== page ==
16 Lamps). Although the Underwriters Laboratories (UL) stopped listing halogen torchiere lamps with bulbs greater than 300 watts as acceptable in 1996 as part of UL 153 Section 543, some people still have them and may bring them into college residences unaware of the risk they contain. The 300 watt bulbs have an operating temperature of 970 degrees Fahrenheit while the 500 watt bulbs operate at 1,200 degrees Fahrenheit. The halogen bulb operating temperatures are extreme in comparison to a 100 watt incandescent bulb which has upper temperatures of 240 degrees Fahrenheit. The fire risks associated with halogen torchiere lamps in a college living environment may be higher because of the typically confined spaces, which may more easily result in combustibles coming into contact with the hot bulb surface. The most common cause of fires from halogen torchiere lamps is the ignition of nearby combustibles, such as clothing and draperies. Metal guards are available for halogen lamps to minimize direct contact of combustibles with the bulb, but the risk of fire is still present with the use of the guards, particularly with 500 watt bulbs. Cooking products such as hot pots, hot plates, and mini-grills are prohibited by some colleges and universities (Worcester Polytechnic Institute Office of Residential Services, 2004, Residence Hall Fire Safety). These cooking products usually operate at very high temperatures, have an open heating element, and do not have automatic shut off features. These small cooking products are usually of high appeal to college students because of the compact size and convenience, but are often more dangerous when used in college housing because of the confined spaces. Although they generally don t pose a fire hazard on their own, in the confined spaces of the average college residence there is an ever present risk of a combustible item coming in contact with products such as hot plates and hot pots (Butturini, 2001, U.S. Consumer Product Safety Commission, Product Safety Assessment Report PSA # ). Space heaters 8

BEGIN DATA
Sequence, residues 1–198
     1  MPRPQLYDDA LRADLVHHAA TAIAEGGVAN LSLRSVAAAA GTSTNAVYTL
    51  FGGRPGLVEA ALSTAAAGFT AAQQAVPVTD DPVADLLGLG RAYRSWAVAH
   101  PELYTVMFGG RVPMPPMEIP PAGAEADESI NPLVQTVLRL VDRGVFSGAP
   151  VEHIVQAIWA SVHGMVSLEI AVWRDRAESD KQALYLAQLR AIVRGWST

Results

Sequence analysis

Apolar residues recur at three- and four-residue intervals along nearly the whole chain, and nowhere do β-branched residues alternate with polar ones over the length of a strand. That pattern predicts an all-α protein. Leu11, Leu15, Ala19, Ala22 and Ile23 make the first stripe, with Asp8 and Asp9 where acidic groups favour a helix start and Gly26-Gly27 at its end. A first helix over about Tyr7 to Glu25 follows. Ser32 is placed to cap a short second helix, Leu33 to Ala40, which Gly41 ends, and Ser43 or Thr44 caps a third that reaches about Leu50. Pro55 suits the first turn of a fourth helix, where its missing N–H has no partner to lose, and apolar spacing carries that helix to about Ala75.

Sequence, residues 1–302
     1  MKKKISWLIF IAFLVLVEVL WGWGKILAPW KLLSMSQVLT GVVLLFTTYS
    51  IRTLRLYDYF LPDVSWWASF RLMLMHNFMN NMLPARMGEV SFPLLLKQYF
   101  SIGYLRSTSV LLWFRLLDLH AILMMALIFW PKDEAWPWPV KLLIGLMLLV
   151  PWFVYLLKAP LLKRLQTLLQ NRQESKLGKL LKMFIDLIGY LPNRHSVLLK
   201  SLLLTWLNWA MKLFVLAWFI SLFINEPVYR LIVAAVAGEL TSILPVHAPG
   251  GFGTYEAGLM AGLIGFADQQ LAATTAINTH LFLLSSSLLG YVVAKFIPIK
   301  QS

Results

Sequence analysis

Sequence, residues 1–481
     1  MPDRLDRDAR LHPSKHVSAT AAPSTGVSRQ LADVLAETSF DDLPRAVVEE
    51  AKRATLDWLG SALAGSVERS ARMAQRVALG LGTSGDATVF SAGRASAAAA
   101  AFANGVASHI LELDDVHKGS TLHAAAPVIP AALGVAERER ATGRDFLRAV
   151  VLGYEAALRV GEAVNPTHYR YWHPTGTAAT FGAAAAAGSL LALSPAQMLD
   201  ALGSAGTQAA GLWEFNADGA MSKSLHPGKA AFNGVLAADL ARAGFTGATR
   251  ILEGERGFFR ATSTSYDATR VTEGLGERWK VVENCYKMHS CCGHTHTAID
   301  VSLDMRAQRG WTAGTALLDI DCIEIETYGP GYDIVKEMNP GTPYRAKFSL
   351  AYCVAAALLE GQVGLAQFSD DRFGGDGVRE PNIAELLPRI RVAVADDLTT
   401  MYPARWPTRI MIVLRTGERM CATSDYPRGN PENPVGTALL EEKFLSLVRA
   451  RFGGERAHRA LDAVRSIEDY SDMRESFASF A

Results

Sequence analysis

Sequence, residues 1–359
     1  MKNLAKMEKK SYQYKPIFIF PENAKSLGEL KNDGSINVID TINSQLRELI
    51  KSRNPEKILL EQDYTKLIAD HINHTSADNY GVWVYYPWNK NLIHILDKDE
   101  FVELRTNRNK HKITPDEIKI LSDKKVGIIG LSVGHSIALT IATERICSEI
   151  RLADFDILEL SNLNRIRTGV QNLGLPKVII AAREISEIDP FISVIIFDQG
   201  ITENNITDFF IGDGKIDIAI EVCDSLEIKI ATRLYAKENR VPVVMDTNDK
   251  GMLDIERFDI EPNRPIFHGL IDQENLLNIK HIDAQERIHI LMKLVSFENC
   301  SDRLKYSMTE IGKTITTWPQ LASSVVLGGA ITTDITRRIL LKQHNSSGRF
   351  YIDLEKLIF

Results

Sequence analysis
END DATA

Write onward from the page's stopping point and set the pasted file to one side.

17 are often prohibited from college housing for these same reasons. A fire can be caused by an item being placed over the heating unit, or by the unit tipping over. Fires in college residences can also involve the furniture within the residence. While some newer types of furniture are made with fire resistant or slower burning materials, older furnishings are more combustible. Mattresses are one of the more highly flammable furnishings commonly found in a college housing residence (US CPSC, 2000, Epidemiologic Investigation Report, Task Number HNE5926). Old mattresses frequently used in college dormitories and Greek residences are usually more flammable than new mattresses, raising the fire hazard. Dormitory-style furniture provided by the school can be older furniture, similarly made of more combustible materials. This general dormitory furniture, aside from mattresses, is subject to fire when exposed to an ignition source. If candles are not left unattended or placed near possible contact with combustibles, they are not a significant fire hazard, but they are so commonly used improperly and left unattended that they have become a serious fire hazard. According to the National Fire Protection Association (NFPA), in 1998 there were 12,540 candle fires in homes in the United States (USFA, 2001c, Candles). Forty four percent of the fires started in bedrooms, which is significant in the context of college housing context because a dormitory room is generally the student s bedroom as well as living space. Many students use candles for various reasons in their college residences such as soft lighting and fragrances. With the confined spaces and many flammable furnishings nearby, the fire hazard is very significant Building Condition A cause of fires in college housing related to building condition is faulty electrical systems and wiring. Electrical fires are caused by problems in fixed wiring such as old wiring 9